I reckon the structure is pretty typical for a Dob in this class. A simplified/integrated rocker box swivels on two ground bars - that's a smart design I've seen on few motorized Dobs. Those bars are supported with heavy-duty bearing on a rotating table that provides the azimuth axis. Under the Az table three 'legs' are housing the roller bearings to allow the azimuth rotation - this is like a big Lazy Susan bearing.
I suppose one could look at the structure as two big 1200mm bearings.

The upper cage is again a structure as simple as possible with 2 identical hexagonal elements connected through 3 pillars and a plate that serves as mounting support for the focuser/derotator. Pillars and plate provide the attachment for the spider that holds the housing of the secondary mirror assembly.

To connect the upper cage and the rocker box we adopt a truss arrangement. 6 vs 8 beams configurations were compared eventually in favor of 6. The idea is to optimize the number mainly due to the cost of 1.5m poles.

We use FEA to validate the structure. The performance of a telescope hinges on its ability to perform tracking to the specified purpose. That's where the structure itself plays a crucial role.
Ideally, what you are looking for is stiffness, and that's to be insensitive to external perturbations and to be positively reactive to inputs such as tracking, PEC and autoguiding. In other words, a gust of wind shouldn't upset the tracking and if guiding corrections are imparted the reaction shouldn't over or undershoot.

If you want to have something stiff but lightweight then your main engineering parameter is called structural natural frequency - or heigenmodes. In practical terms, if you tap on a mount you want the oscillation to be small and dampen out as quickly as possible.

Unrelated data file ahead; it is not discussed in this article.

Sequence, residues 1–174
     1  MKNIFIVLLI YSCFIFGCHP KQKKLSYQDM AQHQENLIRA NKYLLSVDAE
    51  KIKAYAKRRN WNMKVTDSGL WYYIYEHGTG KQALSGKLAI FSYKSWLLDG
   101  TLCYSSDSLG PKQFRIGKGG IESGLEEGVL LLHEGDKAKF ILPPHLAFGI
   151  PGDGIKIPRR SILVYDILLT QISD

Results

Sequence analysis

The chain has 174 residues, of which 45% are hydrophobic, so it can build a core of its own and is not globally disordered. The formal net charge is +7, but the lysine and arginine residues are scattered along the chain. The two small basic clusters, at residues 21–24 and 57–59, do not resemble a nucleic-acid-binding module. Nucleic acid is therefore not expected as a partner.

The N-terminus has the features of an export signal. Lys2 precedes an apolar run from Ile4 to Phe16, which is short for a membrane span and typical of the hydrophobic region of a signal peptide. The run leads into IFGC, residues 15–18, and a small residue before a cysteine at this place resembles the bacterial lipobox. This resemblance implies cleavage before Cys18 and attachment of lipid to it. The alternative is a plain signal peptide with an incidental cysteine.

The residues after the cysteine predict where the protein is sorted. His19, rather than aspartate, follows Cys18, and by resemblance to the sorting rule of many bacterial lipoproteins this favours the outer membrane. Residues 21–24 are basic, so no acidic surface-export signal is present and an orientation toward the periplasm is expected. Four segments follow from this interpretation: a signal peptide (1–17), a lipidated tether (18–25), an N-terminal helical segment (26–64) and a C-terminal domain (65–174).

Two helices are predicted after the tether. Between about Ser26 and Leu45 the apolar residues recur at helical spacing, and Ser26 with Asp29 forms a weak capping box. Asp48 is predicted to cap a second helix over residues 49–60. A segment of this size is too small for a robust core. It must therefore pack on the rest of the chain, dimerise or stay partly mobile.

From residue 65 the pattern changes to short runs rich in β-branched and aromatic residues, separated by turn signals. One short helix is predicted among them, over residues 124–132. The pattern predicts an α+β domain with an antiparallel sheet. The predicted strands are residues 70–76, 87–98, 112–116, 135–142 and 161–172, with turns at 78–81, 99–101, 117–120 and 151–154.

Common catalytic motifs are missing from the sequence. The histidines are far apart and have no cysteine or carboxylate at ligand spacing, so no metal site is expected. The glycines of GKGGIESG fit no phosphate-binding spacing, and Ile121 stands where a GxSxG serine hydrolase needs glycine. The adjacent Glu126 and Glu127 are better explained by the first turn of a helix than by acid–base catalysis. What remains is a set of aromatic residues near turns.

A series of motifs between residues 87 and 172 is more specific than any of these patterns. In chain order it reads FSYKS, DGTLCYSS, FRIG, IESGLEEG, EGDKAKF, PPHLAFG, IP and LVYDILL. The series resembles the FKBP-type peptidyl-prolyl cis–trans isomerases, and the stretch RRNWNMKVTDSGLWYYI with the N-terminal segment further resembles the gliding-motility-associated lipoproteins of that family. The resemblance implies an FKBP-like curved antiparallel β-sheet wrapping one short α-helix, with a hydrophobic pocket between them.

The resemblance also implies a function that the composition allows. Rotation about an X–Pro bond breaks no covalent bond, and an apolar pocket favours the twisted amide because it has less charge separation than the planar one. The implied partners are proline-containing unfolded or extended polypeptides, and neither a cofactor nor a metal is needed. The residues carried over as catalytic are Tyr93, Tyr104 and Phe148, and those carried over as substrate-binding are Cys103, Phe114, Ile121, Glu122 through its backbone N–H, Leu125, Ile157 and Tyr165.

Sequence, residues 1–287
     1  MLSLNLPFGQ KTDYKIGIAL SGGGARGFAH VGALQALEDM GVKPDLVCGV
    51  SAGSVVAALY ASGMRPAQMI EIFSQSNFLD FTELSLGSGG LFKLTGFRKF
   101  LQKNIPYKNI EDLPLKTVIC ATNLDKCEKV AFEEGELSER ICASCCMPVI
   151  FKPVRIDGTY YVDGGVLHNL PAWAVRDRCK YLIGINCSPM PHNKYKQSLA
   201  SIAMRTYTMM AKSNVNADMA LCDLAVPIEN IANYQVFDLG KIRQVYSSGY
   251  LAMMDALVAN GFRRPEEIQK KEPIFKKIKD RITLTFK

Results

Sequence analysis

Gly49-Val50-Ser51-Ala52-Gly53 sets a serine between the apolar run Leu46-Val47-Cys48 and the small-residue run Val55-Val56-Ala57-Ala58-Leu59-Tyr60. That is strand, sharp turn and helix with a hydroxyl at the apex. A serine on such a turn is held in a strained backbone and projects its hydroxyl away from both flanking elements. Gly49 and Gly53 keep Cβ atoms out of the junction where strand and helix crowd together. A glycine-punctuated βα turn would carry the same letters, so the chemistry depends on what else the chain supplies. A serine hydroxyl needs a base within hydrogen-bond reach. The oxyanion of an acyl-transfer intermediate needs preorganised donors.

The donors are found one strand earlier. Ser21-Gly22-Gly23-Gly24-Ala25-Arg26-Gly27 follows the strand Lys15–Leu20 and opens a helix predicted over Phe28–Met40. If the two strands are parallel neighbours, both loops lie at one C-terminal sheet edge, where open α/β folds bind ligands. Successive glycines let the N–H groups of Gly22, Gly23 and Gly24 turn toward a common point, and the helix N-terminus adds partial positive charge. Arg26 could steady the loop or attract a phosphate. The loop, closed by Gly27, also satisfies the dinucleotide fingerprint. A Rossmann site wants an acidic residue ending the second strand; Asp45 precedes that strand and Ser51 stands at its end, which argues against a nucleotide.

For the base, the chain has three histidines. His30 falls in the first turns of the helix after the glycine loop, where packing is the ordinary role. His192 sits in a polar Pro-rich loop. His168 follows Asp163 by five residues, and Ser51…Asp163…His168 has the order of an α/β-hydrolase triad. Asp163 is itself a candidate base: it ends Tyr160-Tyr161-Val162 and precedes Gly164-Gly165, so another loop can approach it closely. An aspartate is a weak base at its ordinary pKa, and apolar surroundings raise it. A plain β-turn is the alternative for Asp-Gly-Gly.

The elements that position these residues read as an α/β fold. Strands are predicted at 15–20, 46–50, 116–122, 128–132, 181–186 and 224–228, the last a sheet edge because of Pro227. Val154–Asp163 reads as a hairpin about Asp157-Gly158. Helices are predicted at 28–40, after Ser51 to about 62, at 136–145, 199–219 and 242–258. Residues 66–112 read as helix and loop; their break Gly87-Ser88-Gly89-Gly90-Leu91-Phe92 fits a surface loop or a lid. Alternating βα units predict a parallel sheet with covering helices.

And the only way to predict it properly is Finite Element Analysis. We didn't want to spend any significant amount of money before knowing that the mount is fit for purpose. The gifs are showing exaggerated oscillations of structural frequency - the higher the frequency the stiffer the mount.

The target is a bit tricky to set as there not much literature out there. There are definitely papers about big meters class telescopes but not for our purpose although the spirit is the same for any telescope. For our project I set the target to 25Hz.

 

The first iteration showed 19Hz and 20Hz for the first 2 modes. The third mode -related to the mirror cell support- is over 30Hz so it's ok.

  image5.gif.f3d71d991e1c99abdb15e6036ba63956.gif    image3.gif.d1564e930348be5831331e4be09979d3.gif

 image8.gif.ec72b01a747f1b0b35a67d7392e73b05.gif

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2 hours ago, Chriske said:

Michele,

Did not read it all, so sorry if this has been mentioned before.
To find out what the best support for your primary mirror should be, you could use PLOP software.

No worries  - I like to double check my work.

PLOP carried out some time ago -27 is the winner

Capture.JPG.9609b0b47b495ebf8804097c083dade3.JPG

And done some FEA on the triangles:

1043499876_100N8mm.thumb.jpg.41724530a1eb3e1cbd336409d976434d.jpg

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On ‎28‎/‎08‎/‎2019 at 16:45, Michele Scotti said:

I'm focusing on developing a system capable of imaging on deep-sky objects i.e. able to robustly track for several minutes with sub-diffraction pixel sensing system.

Excuse my ignorance, but I have still not grasped the justification for this project. We imaging newbies are constantly told that one does not need a large telescope for deep-sky imaging, that an 80mm aperture APO will do just fine.   Even the massive WASP sky-survey looking for exoplanets used arrays of small optical elements.   I saw a spare element on display at the Open University and it looked small enough to put under my arm.

Apparently when a University department wants a research telescope or two, the stock response is to order up a 16" fork-mounted Meade and a dome. The OU has one.

Yes I know that giant optical telescopes are used for probing the furthest reaches of the universe, but these are mounted on mountain-tops far from light pollution and far from persistent cloud cover, or even in space.